Bill to increase rural school aid excludes Gillett

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Measure blocks districts with failed referendums for three years
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The Gillett School District is locked out of a bill that would provide a needed state-aid boost to smaller, rural school districts.

The Assembly Committee on Education voted 14-1 Thursday to recommend the bill (AB 835), which would increase funding for the sparsity aid program and increase the low-revenue-ceiling adjustment.

Sparsity aid is a program that helps with funding for school districts with fewer than 745 students and fewer than 10 students per square mile of the district’s geographic area. The low-revenue-ceiling adjustment is a base level for the state-imposed revenue limits that have been part of public school budgeting for about 25 years.

Gov. Scott Walker last year vetoed a 2017-19 budget provision that would have increased the base for districts near the lowest revenue limits — now set at $9,100 per pupil — by an additional $100 per year before reaching $9,800 in the 2022-23 school year. AB 835 reintroduced the proposal as a separate bill starting with 2018-19.

The bill specifically excludes school districts where voters have rejected a referendum to exceed the revenue limits for three years, applied retroactively.

That means Gillett could not benefit because of the failed referendum measures in April and August 2016.

Gillett Superintendent Todd Carlson told the school board that the district’s revenue limit currently is around $9,400 per pupil, but some higher-end districts are around $18,000.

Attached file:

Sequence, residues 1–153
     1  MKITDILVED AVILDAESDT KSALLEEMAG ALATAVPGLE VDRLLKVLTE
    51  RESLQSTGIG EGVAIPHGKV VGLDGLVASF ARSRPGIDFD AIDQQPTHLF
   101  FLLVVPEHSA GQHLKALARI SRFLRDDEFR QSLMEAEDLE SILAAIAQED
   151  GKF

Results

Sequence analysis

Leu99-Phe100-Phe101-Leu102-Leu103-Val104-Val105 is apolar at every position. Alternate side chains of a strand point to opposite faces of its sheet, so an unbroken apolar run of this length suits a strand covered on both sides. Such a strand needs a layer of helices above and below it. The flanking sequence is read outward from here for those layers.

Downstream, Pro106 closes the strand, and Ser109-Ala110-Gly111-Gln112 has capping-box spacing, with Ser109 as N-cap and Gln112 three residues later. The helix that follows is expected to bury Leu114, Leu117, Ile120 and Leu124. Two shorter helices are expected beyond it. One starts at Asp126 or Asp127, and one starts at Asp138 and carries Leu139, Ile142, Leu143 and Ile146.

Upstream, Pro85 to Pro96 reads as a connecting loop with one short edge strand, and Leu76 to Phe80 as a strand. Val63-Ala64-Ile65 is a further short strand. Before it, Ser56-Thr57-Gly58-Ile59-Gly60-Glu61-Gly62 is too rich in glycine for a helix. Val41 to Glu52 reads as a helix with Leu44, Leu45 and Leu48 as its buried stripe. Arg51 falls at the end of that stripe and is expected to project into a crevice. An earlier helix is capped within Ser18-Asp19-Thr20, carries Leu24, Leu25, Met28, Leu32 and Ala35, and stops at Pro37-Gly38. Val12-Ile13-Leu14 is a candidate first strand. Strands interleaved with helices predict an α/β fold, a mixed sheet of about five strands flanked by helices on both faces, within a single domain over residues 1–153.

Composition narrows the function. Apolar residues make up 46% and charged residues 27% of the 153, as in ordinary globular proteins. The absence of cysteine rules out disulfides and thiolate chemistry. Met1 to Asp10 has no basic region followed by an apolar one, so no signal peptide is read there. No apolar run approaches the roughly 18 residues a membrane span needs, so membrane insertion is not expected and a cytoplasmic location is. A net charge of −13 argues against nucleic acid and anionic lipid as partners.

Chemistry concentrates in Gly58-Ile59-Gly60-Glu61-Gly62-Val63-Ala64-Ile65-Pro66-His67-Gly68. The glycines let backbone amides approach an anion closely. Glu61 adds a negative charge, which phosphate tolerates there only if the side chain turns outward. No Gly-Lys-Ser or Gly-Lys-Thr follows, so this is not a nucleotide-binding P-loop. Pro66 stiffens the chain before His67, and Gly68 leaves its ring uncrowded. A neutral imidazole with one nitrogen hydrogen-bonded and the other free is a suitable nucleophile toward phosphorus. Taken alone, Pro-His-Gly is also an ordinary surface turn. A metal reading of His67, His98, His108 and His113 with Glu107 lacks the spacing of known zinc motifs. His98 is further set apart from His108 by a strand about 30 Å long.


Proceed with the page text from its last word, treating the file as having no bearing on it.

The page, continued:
The disparity can occur between neighboring schools. For example, according to a document submitted to the Assembly committee for a Jan. 25 public hearing on the bill, revenue limits in Waukesha County range from $9,200 per pupil in Mukwonago to $11,631 in Elmbrook.

When he vetoed the measure in the budget, Walker said he did so in part because in some districts voters had already spoken that they did not want to exceed the revenue limits.

Carlson said he doesn’t understand the logic.

“I kind of compare it to, if … we agree that the minimum wage is not enough to make a good living and everyone should receive an increase,” Carlson said, “but oh, by the way, if you talked to your boss about ever getting a raise, we’re not going to let you have one.”

State Rep. John Nygren, R-Marinette, the bill’s main author, said the bill has a net positive impact on area schools.

“The increase in funding for sparsity aid is critical to ensure our most rural school districts have the necessary resources to provide a top-notch education,” Nygren said in a statement. “And the low revenue adjustment directs resources to low-spending school districts so that all students have a top-notch school.”

During the public hearing, he cautioned that any changes to the bill could jeopardize what he described as a carefully negotiated compromise among the two houses of the Legislature and the governor’s office.

State Rep. Jeff Mursau, R-Crivitz, asked whether the three-year window could be modified.

“It’s going around the voters anyway, whether you did a referendum or not, you know. It’s just that some (districts) were in tough enough shape that they asked to get the money from the voters, and it just didn’t happen for whatever reason,” said Mursau, whose district includes Gillett. “So is there any way that window could be lessened so it’s a little bit less of a punishment on those schools?”

Kim Kaukl, executive director of the Wisconsin Rural Schools Alliance, spoke in favor of the bill but also said the three-year exemption seems to punish districts that asked voters for approval to exceed the revenue limits.

“This language could put these schools in an even tougher situation, because they may need to go to another operating referendum within the next three years to meet their financial needs,” Kaukl said. “If the districts were to fail again, it would fiscally push them further behind compared to their neighbors.”

Nygren warned against amending the bill.

“As with any compromise, anytime you look to potentially change a piece to it, you risk the greater effort not becoming law,” Nygren said.

On balance the bill would benefit most school districts, he said, even if it does not help the eight or nine districts that are left out.

“If this bill passes, and I believe it will, those districts are no worse off than they are today, based on the fact that the voters in those districts said no,” Nygren said.